disjunctive question [isn’t he/she?]

Discussion in 'English Only' started by ediskvaka, Mar 12, 2011.

  1. ediskvaka Senior Member

    What gender does a tutor have to use it in a disjunctive question?
    For example, A tutor is responsible for the student's progress, isn’t he/she?
  2. fero45 Member

    ...are they?
  3. Matching Mole

    Matching Mole Senior Member

    England, English
    I agree with fero45. A tag question with alternative pronouns is exceedingly awkward, and, I think, must be avoided. Oxford Dictionaries have this to say about the use of they as a singular pronoun:

    Some people object to the use of plural pronouns in this type of situation on the grounds that it’s ungrammatical. In fact, the use of plural pronouns to refer back to a singular subject isn’t new: it represents a revival of a practice dating from the 16th century. It’s increasingly common in current English and is now widely accepted both in speech and in writing.

    I see the point, of course, that it is, on the face of it, ungrammatical to use a plural pronoun to represent the singular (however, the pronoun you was originally plural only), but as with objections to the split infinitive, observing a rule can result in English that is even worse than in breaking it. As George Orwell said about the rules he gave for writing: "Break any of these rules sooner than say anything outright barbarous".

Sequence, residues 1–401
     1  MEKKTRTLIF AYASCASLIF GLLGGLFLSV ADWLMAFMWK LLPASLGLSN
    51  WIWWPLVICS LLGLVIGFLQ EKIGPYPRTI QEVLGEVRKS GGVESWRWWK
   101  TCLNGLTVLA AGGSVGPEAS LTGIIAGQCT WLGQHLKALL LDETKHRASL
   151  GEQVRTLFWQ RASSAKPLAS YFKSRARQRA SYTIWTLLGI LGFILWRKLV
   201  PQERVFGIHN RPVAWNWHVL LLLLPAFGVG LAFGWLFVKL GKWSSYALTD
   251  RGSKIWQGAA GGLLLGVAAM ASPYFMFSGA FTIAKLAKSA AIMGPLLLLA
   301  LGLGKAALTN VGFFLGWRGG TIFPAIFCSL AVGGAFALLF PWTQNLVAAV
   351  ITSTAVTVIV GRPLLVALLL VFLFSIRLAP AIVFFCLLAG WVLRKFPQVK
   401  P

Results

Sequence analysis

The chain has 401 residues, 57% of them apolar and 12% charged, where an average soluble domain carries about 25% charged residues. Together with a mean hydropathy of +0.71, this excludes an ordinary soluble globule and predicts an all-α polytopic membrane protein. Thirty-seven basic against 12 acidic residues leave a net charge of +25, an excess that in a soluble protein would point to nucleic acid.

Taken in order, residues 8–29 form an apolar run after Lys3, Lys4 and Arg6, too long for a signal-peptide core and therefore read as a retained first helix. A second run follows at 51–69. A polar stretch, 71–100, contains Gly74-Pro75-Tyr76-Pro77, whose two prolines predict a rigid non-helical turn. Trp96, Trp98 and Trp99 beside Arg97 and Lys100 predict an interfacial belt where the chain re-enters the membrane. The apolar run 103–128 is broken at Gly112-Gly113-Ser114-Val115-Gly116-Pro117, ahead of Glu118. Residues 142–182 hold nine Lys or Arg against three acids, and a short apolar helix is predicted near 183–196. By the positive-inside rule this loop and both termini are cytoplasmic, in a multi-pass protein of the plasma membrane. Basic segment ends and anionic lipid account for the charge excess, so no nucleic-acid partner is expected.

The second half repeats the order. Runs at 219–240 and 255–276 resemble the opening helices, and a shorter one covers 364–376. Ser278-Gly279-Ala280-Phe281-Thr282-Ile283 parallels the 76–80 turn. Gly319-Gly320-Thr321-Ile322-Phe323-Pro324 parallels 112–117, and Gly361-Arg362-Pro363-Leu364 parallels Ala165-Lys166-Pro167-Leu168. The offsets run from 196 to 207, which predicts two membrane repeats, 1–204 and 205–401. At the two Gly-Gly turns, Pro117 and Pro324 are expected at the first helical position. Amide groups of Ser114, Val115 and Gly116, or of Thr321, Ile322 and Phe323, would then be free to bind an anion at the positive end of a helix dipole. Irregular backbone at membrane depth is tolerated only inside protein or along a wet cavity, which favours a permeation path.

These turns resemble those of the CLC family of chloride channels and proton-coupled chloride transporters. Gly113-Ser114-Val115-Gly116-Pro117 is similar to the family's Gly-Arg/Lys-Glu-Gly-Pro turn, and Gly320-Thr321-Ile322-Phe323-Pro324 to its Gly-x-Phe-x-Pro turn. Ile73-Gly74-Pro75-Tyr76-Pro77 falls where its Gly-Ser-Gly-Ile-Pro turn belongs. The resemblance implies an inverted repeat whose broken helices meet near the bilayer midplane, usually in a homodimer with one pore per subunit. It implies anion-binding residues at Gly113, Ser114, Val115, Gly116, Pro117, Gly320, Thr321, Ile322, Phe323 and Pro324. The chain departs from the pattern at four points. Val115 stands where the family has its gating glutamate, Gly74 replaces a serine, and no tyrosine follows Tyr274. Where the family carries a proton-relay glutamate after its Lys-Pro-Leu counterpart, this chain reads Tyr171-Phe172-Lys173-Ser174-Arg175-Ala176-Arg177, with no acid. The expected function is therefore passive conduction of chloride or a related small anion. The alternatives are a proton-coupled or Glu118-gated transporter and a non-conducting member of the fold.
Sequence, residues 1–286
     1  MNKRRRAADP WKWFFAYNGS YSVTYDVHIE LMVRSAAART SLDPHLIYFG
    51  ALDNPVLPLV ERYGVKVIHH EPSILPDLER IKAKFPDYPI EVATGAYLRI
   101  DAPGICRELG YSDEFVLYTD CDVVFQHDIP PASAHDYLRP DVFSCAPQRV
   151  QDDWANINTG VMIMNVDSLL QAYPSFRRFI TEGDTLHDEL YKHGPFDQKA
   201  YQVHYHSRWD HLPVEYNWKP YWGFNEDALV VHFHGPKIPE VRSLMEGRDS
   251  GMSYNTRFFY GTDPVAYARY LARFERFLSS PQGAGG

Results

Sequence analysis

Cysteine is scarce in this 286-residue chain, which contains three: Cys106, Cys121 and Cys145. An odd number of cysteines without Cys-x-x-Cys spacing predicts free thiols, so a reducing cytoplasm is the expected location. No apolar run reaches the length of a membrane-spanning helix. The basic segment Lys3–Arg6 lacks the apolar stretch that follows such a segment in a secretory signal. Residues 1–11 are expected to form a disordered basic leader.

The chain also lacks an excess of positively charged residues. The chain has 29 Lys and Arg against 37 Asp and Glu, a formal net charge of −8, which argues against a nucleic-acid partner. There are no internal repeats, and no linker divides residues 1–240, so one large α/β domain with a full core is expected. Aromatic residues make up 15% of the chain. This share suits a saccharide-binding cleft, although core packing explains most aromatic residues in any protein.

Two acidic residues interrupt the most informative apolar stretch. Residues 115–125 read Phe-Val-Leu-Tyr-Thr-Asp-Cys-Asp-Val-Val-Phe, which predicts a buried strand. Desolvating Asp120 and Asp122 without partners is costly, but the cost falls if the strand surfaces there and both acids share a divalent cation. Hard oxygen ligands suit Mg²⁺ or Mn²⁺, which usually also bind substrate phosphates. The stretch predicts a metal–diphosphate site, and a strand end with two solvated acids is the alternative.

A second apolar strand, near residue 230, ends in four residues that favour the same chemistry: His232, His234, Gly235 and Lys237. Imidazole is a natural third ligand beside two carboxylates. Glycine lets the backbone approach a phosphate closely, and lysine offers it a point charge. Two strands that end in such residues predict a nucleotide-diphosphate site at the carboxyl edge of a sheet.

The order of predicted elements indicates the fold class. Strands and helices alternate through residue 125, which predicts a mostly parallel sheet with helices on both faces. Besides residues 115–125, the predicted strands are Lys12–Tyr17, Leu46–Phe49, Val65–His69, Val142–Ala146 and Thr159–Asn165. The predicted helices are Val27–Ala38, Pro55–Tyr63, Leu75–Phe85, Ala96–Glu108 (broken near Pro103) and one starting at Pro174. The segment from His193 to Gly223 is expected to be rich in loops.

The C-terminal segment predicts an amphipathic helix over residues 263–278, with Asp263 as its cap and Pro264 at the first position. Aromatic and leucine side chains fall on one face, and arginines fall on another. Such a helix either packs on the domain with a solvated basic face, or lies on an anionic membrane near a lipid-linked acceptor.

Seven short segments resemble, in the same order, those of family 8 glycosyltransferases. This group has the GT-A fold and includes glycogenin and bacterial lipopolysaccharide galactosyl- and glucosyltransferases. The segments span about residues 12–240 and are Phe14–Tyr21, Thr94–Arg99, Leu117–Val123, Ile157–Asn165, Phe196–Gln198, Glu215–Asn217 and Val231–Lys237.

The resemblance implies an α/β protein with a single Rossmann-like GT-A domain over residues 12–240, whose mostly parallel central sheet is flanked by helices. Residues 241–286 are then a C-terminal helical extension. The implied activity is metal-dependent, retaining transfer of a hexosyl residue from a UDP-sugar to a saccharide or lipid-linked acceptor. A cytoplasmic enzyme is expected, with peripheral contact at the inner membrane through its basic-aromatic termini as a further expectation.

4. fero45 Member

    I like Mole's explanation and I like their music.
    He or she? In French and some slavonic languages I know you find HE as the GENERAL GENDER. Also in older English. The explosion of feminist activities resulted in substituting THEY for HE. (?? manhole, personhole) :)
  5. panjandrum

    panjandrum Occasional Moderator

    Belfast, Ireland
    English-Ireland (top end)
    There is no way to make this sentence acceptable with a singular tutor unless you presume male (isn't he) or female (isn't she).

    Nor can you sensibly use they because you couldn't possibly write "isn't they" and "aren't they" still sounds somewhat bizarre (to me) following a very singular subject and main verb.
    A tutor is responsible for the student's progress, are they? :cross:
    The question has the wrong form.
    A tutor is responsible for the student's progress, isn’t they? :cross:
    A tutor is responsible for the student's progress, aren't they? :confused:

    The escape is simple, of course.
    Tutors are responsible for the students' progress, aren't they?

    (If you want to talk about gender neutral third person singular pronouns, there are plenty of threads listed at gender neutral :))
    Last edited: Mar 12, 2011

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